Smart switch query

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My living room table lamps are all plugged into 5 amp sockets controlled by a single light switch. I intend to replace this with a smart switch. My query is whether I need to fit a ballast to stop flicker on each lamp???
 
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you need to check that there is a neutral available at the switch , otherwise you may need to use a NON-Neutral smart switch
Ignore the colours - having a black or blue wire does NOT mean it has a neutral - take a photo of the switch disconnected and ALL the wires in switch / backbox
 
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If the switch doesn't have a neutral, then I strongly recommend that you have the wiring altered so that there is one - although plenty of smart switches claim to work without a neutral, problems are pretty much inevitable.
 
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Thanks. Switch has two brown wires to L1 and one brown wire to L2 so I'll be using a Non-Neutral Smart Switch
 
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Thanks. Switch has two brown wires to L1 and one brown wire to L2 so I'll be using a Non-Neutral Smart Switch
 
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Thanks flameproof. This is now looking horribly complicated, when I thought I could just simply install a SONOFF Smart Switch.
 
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There are, but they don't have any endings visible. Anyway, why do I need them for a non- neutral switch ?
 
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There are, but they don't have any endings visible. Anyway, why do I need them for a non- neutral switch ?
If you have three blue wires there, joined together, and not connected to anything else, then they are probably the neutral connection.
There’s no reason to use a “no neutral” smart switch if there’s a useable neutral right there in the box .
Read Flameport’s advice above re using no neutral devices.
 
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I have used Energenie MiHome smart light switches which don't need a neutral.
Started with 1 some 4 - 5 years ago and it worked well, used as no two way switching in bedrooms, expanded to 5 around 2 - 3 years ago, and found problems used with some LED bulbs, the E27, BA22d, and E14 all seemed OK, but the G9 caused a lot of problems, and had to swap GU10 until found 3 that worked OK.

The G9 flashed when off cured by using a load capacitor load-capacitor.jpg but also a shimmer when on, swapping one bulb to a tungsten stopped shimmer, but in the end did find a bulb that worked, G9-comp.jpg the smaller bulb had shimmer, had one of the larger ones fail, so opened to have a look, found fault, but also could see why no shimmer, there was a smoothing capacitor inside the bulb nearly as big as the whole of the smaller bulb.

The shimmer is clearly a reaction between the switch and bulb, however that is not the end of the story.

I started to have problems with lights not turning on or not turning off, switch off supply (reboot) and it did work again, also had one turned itself into a flasher unit, so now only 2 of the 5 still in service. Also had one smart socket go faulty.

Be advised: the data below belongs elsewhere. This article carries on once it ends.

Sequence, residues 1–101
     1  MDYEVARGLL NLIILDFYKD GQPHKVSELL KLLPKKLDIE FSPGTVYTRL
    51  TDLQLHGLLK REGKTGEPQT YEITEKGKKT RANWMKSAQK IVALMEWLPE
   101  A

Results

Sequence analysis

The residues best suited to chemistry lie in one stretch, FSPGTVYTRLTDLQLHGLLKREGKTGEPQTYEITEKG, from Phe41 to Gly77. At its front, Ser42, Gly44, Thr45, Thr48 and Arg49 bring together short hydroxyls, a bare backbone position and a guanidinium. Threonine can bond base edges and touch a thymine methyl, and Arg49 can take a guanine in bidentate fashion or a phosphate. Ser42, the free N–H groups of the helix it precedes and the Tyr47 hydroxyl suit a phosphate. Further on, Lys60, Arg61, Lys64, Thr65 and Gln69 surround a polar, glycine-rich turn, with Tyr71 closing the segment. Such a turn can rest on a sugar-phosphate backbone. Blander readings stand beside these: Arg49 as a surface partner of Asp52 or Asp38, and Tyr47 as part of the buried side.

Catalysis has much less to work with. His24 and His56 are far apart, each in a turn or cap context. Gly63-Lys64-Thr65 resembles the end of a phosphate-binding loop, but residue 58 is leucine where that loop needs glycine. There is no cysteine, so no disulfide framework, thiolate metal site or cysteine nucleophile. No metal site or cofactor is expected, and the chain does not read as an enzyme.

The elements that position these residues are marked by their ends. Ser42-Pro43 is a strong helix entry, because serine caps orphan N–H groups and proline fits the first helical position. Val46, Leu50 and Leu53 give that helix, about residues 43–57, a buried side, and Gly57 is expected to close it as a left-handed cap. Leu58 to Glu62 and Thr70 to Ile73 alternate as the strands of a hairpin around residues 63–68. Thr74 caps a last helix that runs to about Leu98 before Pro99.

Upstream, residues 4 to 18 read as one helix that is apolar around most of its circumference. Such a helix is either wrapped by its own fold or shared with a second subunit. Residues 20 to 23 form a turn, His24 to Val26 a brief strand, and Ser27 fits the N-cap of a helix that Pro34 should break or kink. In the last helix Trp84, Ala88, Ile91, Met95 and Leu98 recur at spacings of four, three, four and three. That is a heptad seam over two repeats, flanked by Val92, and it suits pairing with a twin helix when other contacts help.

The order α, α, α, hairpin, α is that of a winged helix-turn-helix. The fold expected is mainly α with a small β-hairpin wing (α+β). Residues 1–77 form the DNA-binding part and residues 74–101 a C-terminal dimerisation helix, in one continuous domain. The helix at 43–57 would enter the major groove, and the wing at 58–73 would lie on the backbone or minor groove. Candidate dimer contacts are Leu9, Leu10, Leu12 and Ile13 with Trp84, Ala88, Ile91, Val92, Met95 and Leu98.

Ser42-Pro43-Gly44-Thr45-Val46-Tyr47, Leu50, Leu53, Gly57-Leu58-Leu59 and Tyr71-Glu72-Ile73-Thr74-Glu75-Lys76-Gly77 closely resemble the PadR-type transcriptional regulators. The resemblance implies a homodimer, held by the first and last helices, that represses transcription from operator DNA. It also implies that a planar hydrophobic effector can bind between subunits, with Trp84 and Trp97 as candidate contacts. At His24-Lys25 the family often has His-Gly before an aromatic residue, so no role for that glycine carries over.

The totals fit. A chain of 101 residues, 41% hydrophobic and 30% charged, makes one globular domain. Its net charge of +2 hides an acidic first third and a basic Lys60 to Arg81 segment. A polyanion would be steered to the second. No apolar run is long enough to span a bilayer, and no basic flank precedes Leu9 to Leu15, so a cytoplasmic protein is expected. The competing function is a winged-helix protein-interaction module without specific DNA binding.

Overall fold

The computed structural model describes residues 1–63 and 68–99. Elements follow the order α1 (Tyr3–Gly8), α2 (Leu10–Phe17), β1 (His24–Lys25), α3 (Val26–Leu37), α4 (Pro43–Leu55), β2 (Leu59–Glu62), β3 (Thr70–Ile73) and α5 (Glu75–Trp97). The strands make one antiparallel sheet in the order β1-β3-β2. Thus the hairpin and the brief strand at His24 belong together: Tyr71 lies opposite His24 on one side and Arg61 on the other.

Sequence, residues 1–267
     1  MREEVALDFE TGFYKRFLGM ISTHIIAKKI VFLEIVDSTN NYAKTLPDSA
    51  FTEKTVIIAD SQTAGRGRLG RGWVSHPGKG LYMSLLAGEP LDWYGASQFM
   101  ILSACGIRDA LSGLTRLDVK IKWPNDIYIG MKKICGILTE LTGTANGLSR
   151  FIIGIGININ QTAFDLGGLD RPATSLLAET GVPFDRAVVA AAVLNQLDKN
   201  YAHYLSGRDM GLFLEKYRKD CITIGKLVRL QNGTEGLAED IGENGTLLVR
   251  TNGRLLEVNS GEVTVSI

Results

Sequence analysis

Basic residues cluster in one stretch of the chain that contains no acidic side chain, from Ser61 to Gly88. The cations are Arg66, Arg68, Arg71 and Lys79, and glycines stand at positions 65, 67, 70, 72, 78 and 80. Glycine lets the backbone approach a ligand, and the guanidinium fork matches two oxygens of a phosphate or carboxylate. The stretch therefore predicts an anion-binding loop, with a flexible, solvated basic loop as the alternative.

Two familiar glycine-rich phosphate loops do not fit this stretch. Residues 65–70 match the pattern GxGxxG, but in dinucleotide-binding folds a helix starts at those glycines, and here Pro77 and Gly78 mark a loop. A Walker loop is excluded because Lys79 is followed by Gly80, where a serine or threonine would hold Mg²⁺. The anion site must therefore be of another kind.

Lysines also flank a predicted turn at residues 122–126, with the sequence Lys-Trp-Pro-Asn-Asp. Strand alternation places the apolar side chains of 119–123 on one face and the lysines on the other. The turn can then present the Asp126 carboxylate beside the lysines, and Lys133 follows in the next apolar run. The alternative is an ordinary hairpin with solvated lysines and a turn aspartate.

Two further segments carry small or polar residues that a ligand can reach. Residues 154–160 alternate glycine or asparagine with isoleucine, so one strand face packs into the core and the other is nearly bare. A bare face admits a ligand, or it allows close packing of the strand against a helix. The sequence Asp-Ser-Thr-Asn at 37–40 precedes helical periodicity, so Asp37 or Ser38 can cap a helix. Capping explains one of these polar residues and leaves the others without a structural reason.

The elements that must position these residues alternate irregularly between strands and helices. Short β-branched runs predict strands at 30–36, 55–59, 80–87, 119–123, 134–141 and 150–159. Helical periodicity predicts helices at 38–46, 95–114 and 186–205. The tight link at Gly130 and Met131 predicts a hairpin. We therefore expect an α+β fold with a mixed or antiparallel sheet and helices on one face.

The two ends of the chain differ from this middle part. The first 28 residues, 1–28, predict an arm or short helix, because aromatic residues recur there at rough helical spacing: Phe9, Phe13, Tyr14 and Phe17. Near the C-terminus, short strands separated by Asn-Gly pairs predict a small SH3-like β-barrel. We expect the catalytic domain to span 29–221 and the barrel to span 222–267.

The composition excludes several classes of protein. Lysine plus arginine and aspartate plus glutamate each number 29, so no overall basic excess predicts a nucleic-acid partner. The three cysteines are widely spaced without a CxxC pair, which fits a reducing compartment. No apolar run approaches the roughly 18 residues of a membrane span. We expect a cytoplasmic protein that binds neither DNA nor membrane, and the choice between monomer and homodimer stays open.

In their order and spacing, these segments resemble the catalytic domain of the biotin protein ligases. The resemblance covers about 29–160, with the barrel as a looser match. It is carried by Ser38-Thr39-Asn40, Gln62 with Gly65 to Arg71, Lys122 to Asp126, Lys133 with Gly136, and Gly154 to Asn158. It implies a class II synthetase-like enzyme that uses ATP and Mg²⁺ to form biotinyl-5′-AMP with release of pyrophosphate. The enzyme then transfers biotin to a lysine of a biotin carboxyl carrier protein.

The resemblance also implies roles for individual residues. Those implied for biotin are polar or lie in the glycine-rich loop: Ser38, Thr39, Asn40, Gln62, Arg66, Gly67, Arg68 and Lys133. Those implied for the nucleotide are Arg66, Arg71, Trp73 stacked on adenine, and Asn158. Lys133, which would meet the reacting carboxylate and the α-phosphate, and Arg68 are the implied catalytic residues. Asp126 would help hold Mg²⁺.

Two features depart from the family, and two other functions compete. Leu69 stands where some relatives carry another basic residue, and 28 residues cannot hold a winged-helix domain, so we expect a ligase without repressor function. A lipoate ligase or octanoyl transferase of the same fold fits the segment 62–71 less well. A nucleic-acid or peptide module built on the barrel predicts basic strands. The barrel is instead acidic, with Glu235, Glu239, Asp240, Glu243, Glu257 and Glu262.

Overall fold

To remove a smart switch or smart socket I need to go outside, down a set of steps and into what is now a flat, it was originally a garage to switch off power, but to remove a smart bulb or plug in smart device I can do it local to the device. So today prefer plug in devices, had one smart bulb fail (GU10 colour changing) but in the main they seem to work well, needed to reboot the zigbee hub once, but the energenie hub lost count how many times.

Whole idea of smart devices is to make it easier, the two remaining lights switches both have remote controls so very handy to switch on/off from the bed. The landing light bulb not so handy as needs the smartlife app to boot up first with phone, intend to replace with a relay, the bottom of stairs switch is not easy to reach, so that light is on a simple timed on/off. Outside light again timed on/off.

We have auxiliary display cabinet lights on a smart extension lead, (energenie) which like the light switches uses a remote control as well as phone. We have one zigbee remote control, and really the phone is a pain as so often mobile phone not to hand, remote controls far better.

Some of the zigbee show on/off, except for the energy monitor the energenie do not show state, so if used to power for example the AC unit, one has no idea if it has actually switched on.

I do like the automation, but the Nest Mini acted like a mischievous little boy, playing BBC radio 4 we would say hey google turn off, get reply turning off 5 switches and all lights when out, command hey google turn the lights back on, got I don't know how to do that yet, so took lights and central heating off google Nest Mini control.

Son seems to have had better results with Alexa, but maybe he is just better at programming it, and Grand Children thought it was funny telling Nest Mini to do something after they had left.

We have no FM radio here so the Nest Mini does work well. However one does need to be careful what one allows it to control.
 
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Whole idea of smart devices is to make it easier,

Are you sure that is the real motive for manufacturing and selling them ?

Could it be that the profit from selling a lump of electronics is significantly greater than the profit from selling a simple mechanical switch.

Easier, yes it is easier for a few people to increase their income.
 
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People selling clearly want to make money. People buy them to make life easier.

If they fail then they need replacing. And if the work replacing is too much then on balance they are not worth fitting.
 
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